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Tornadoes

Tornadoes are nature’s most violent storms. Spawned from powerful thunderstorms, tornadoes can cause fatalities and devastate a neighborhood in seconds. A tornado appears as a rotating, funnel-shaped cloud that extends from a thunderstorm to the ground with whirling winds, which can reach 300 miles per hour. Damage paths can be in excess of one mile wide and 50 miles long. Every state is at some risk from this hazard.

Some tornadoes are clearly visible, while rain or nearby low-hanging clouds obscure others. Occasionally, tornadoes develop so rapidly that little, if any, advance warning is possible.

Before a Tornado

Before a tornado hits, the wind may die down and the air may become very still. A cloud of debris can mark the location of a tornado even if a funnel is not visible. Tornadoes generally occur near the trailing edge of a thunderstorm. It is not uncommon to see clear, sunlit skies behind a tornado.

The following are facts about tornados:

  • They may strike quickly, with little or no warning.
  • They may appear nearly transparent until dust and debris are picked up or a cloud forms in the funnel.
  • The average tornado moves southwest to northeast, but tornadoes have been known to move in any direction.
  • The average forward speed of a tornado is 30 MPH, but may vary from stationary to 70 MPH.
  • Tornadoes can accompany tropical storms and hurricanes as they move onto land.
  • Waterspouts are tornadoes that form over water. Tornadoes are most frequently reported east of the Rocky Mountains during spring and summer months.
  • Peak tornado season in the southern states is March through May; in the northern states, it is late spring through early summer.
  • Tornadoes are most likely to occur between 3 and 9 p.m., but can occur at any time.

Tornado Safety Procedures

Before

A NOAA Weather Radio and OCAlert can help alert your family or business of storms capable of producing a tornado.

The following are signs of a possible tornado:

  • Dark, often greenish sky
  • Large hail
  • A large, dark, low-lying cloud (may be rotating)
  • Loud roar, similar to a freight train

If you see or hear of any of these dangerous signs, be prepared to seek shelter immediately.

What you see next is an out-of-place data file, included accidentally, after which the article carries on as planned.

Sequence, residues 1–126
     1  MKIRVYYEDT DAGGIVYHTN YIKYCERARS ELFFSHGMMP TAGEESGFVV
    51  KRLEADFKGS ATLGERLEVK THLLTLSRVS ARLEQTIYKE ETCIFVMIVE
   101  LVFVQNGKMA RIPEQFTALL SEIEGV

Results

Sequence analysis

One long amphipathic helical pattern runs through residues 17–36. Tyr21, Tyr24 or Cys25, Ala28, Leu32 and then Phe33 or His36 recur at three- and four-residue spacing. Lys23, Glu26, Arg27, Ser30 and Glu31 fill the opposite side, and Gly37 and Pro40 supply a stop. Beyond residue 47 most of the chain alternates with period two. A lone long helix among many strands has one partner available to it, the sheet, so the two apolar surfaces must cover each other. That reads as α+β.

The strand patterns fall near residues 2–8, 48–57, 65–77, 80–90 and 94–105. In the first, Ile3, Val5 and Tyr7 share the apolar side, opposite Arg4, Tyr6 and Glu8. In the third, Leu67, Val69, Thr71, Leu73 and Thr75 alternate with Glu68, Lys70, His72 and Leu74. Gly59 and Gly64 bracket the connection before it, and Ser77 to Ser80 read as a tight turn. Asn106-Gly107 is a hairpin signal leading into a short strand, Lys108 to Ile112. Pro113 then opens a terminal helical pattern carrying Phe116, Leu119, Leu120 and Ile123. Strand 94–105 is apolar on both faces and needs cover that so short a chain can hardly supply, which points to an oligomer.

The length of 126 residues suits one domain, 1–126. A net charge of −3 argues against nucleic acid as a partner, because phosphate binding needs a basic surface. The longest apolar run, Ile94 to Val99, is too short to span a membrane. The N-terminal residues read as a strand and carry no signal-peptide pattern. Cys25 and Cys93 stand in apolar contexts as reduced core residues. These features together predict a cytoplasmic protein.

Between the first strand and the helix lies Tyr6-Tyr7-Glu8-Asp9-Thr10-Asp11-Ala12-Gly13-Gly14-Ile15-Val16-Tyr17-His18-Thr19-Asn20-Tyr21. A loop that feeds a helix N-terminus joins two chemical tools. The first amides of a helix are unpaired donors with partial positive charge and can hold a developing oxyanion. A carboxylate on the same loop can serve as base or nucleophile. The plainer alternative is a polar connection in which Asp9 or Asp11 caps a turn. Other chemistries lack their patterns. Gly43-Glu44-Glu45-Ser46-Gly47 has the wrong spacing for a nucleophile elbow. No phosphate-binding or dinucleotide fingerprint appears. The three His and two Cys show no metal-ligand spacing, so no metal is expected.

Source: FEMA

During

If you are under a tornado WARNING, seek shelter immediately!

If you are in:
Then:
A structure (e.g. residence, small building, school, nursing home, hospital, factory, shopping center, high-rise building)Go to a pre-designated shelter area such as a safe room, basement, storm cellar or the lowest building level. If there is no basement, go to the center of an interior room on the lowest level (closet, interior hallway) away from corners, windows, doors and outside walls. Put as many walls as possible between you and the outside. Get under a sturdy table and use your arms to protect your head and neck. Do not open windows.
A vehicle, trailer, or mobile homeGet out immediately and go to the lowest floor of a sturdy, nearby building or a storm shelter. Mobile homes, even if tied down, offer little protection from tornadoes.
The outside with no shelterLie flat in a nearby ditch or depression and cover your head with your hands. Be aware of the potential for flooding.

Do not get under an overpass or bridge. You are safer in a low, flat location.

Never try to outrun a tornado in urban or congested areas in a car or truck. Instead, leave the vehicle immediately for safe shelter.

Watch out for flying debris. Flying debris from tornadoes causes most fatalities and injuries.

Source: FEMA

After

After a tornado, extensive cleanup is usually necessary.

If you require immediate medical assistance, dial 911.

The Citizen’s Information Line (407.246.4357) is activated after a major storm and can be a very useful resource after a tornado. Call 407.246.4357 (HELP) after the storm for non-emergency information.

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